HBO: Homogenous Box Office?

3cbf4bca-2312-4a83-9058-fe6070dd79a4hmedium.jpgThe new television season is fast approaching. Week one of the NFL is nearly in the books, so along with the anticipation of Sundays and Monday nights, I am looking forward to a host of new and returning programs like Heroes, Friday Night Lights, Bionic Woman, Pushing Daisies, and Lost to name a few. However, HBO has a new series that intrigues me entitled Tell Me You Love Me. HBO got a bit of jump on the fall lineup as the first episode aired last night. For such a progressive network, HBO really misses the boat on the first episode of this series.

Tell Me You Love Me focuses on four couples at different stages in their relationship. One couple has just gotten engaged, one is struggling to get pregnant, one is married with children, and another is in their golden years of marriage. We could basically sum them up by age groups: twenty-somethings, thirty-somethings, forty-somethings, and, skipping a decade, sixty-somethings. We could, as another critic argues, view these four couples as one couple at different points in their relationship. The problem with this viewpoint, and ultimately this first episode, is that it totally eradicates diversity.

character_hugo.jpgcharacter_jamie.jpgThe youngest couple seems happily engaged until Jamie learns of Hugo’s reservations about a lifetime commitment to one person. What will he do if, years from now, he becomes attracted to another person? Jamie cannot handle this uncertainty and leaves, only returning when Hugo promises her that he will never have sex with another person. This is all Jamie needs to hear, and as such, misses the more serious aspect of Hugo’s commitment to her, not that he will never be attracted to another person, but that he will forever be attracted to her and find ways to express it.

character_palek.jpgcharacter_carolyn.jpgThe next to youngest couple, Palek and Carolyn, seem wildly successful professionals, but their marriage is quickly crumbling because they have tried, unsuccessfully, for an entire year to get pregnant. Both are bound by family problems as well, and we could wonder if they would perpetuate these with their own children. Carolyn is quickly beginning to use Palek as an impregnating machine, to which he responds negatively. Palek is hurt by the absence of emotion in their sex life, be we could easily suspect hypocrisy in this viewpoint as there have doubltess been times when he offered or asked for emtionless sex with Carolyn.

3cbf4bca-2312-4a83-9058-fe6070dd79a4hmedium.jpgOur middle-aged couple, David and Katie, seem happy enough with two children and a lovely home. However, we quickly learn that they have not had sex for an entire year. Change does not appear to be on the horizon either. David and Katie clearly love one another, but the busy-ness of their lives draws them further apart. When they are together, they are never really together. This distancing forces Katie to see a therapist who just happens to be on half of our final couple and who also counsels Palek and Carolyn and who, we could easily imagine, will soon counsel Hugo and Jame. Dr. May character_may.jpgcharacter_arthur.jpgFoster is a marriage/sex thearpist married to Arthur who is retired. From our brief look into their life, all seems well although the preview for next week’s prgoram betrays this.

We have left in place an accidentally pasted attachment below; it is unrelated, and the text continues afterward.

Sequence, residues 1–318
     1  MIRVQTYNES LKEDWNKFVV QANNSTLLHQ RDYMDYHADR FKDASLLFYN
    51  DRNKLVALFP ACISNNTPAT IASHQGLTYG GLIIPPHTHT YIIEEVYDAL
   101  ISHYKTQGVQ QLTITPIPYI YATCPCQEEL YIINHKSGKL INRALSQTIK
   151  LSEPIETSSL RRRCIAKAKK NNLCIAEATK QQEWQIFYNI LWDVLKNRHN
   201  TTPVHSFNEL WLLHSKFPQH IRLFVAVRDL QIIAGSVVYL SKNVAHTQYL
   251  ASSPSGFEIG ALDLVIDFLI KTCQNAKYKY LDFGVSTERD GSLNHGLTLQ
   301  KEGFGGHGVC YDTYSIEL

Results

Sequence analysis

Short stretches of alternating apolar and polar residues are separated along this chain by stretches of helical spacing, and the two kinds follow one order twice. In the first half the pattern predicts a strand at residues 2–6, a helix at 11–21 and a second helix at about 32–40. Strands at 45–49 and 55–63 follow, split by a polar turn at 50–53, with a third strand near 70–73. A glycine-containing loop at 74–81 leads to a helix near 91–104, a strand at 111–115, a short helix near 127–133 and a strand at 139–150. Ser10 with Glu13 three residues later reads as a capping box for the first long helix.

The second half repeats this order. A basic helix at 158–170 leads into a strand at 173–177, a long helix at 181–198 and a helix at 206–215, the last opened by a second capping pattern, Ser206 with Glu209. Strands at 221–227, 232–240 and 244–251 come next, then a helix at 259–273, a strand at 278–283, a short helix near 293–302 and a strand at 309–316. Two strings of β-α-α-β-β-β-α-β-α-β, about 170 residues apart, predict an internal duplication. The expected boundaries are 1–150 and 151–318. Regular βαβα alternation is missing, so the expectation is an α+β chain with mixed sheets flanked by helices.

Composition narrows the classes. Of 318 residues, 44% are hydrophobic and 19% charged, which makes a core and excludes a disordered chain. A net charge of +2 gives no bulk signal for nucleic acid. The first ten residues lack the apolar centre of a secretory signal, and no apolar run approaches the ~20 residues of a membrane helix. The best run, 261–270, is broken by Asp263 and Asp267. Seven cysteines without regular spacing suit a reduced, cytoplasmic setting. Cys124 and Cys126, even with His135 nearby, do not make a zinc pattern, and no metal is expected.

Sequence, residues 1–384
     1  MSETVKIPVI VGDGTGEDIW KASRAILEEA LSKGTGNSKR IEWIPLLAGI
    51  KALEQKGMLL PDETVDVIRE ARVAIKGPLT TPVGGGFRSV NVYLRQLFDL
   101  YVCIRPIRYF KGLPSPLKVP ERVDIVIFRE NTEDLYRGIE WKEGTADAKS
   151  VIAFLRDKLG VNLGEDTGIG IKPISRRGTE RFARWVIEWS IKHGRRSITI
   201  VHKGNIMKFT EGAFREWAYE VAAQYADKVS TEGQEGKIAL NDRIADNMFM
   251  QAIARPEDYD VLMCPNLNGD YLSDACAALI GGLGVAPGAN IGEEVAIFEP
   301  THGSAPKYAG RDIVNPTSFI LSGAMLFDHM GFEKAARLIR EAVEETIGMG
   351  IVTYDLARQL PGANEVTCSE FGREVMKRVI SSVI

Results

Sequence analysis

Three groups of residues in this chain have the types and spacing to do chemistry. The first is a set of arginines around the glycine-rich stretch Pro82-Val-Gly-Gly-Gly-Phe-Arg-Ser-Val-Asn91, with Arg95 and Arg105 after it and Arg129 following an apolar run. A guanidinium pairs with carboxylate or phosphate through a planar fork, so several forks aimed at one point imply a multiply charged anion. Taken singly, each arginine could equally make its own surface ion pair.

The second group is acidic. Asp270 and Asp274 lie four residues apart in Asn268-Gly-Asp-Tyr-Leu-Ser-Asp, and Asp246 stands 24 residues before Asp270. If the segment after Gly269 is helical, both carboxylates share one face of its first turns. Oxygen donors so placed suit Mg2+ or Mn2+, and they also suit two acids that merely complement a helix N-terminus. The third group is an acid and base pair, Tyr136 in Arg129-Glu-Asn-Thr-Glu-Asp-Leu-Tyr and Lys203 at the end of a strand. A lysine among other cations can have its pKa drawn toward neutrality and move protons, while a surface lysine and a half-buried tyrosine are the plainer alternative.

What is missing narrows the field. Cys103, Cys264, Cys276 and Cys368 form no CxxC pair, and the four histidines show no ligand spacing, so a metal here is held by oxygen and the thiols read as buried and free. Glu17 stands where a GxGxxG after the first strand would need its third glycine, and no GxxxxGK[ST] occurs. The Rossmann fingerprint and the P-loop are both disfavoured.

While I frequently advocate critical patience, as I wish those in charge had with the short-lived HBO series, John From Cincinnati, I have some early reservations about Tell Me You Love Me. This has got to be the prettiest, whitest, most homogenous show I have ever seen. I found myself wanting to cynically revise an old Beatles tune to go, “Look at all the pretty people…where do they all come from?” Every person on the show is gorgeous and seemingly well-to-do. Moreover, we have no non-white characters, no African, Asian, or Latin-American characters to provide alternate viewpoints on love, relationships, sex, or marriage. Diverse sexuality? Not yet. Tell Me You Love Me‘s views on all-things-love seem to be from a distinctively white, heterosexual, upper-middle class perspective. I expected more out of the gate from an HBO series.

Finally, the characters initially fall too easily into established stereotypes. The hip young couple with hip clothes and a hip apartment…the middle-aged couple with children in an un-hip suburb with drab clothes and an even more boring sex life…the cool sex therapist with a great sex life…. I hope I eat my words after upcoming episodes, but that does not seem likely. Yet all of this negativity does not preclude some of the show’s strengths, namely its unflinching, though limited, look at relationships, love, and sex. The show’s title is ingenious and drives home a great desire of most of the characters and, doubtless, its viewers as well. The show initially challenges the naive ideas that all you need is love…or great sex.

Tell Me You Love Me airs at 10 pm on Sunday nights on HBO and contains strong language and strong sexual content.

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About J. Ryan Parker
  • Regina

    I didn’t see this show, so I can’t speak to it directly. But it does strike me that shows that are supposed to be “about relationships” are often not the strongest way to explore relationships. In terms of HBO, I’m thinking of The Sopranos and how in all the violence, swearing and plotting the center point was often a very complicated marriage between Tony and Carmela. They tortured each other and violated the bond of their marriage in every possible way, but for a variety of reasons, neither could ever walk away. Or Trixie and Sol on Deadwood: How a woman’s own conception of herself could prevent her from taking advantage of true love and happiness. These are just a couple of examples, but neither is in a show that anyone would characterize as being relationship-y.


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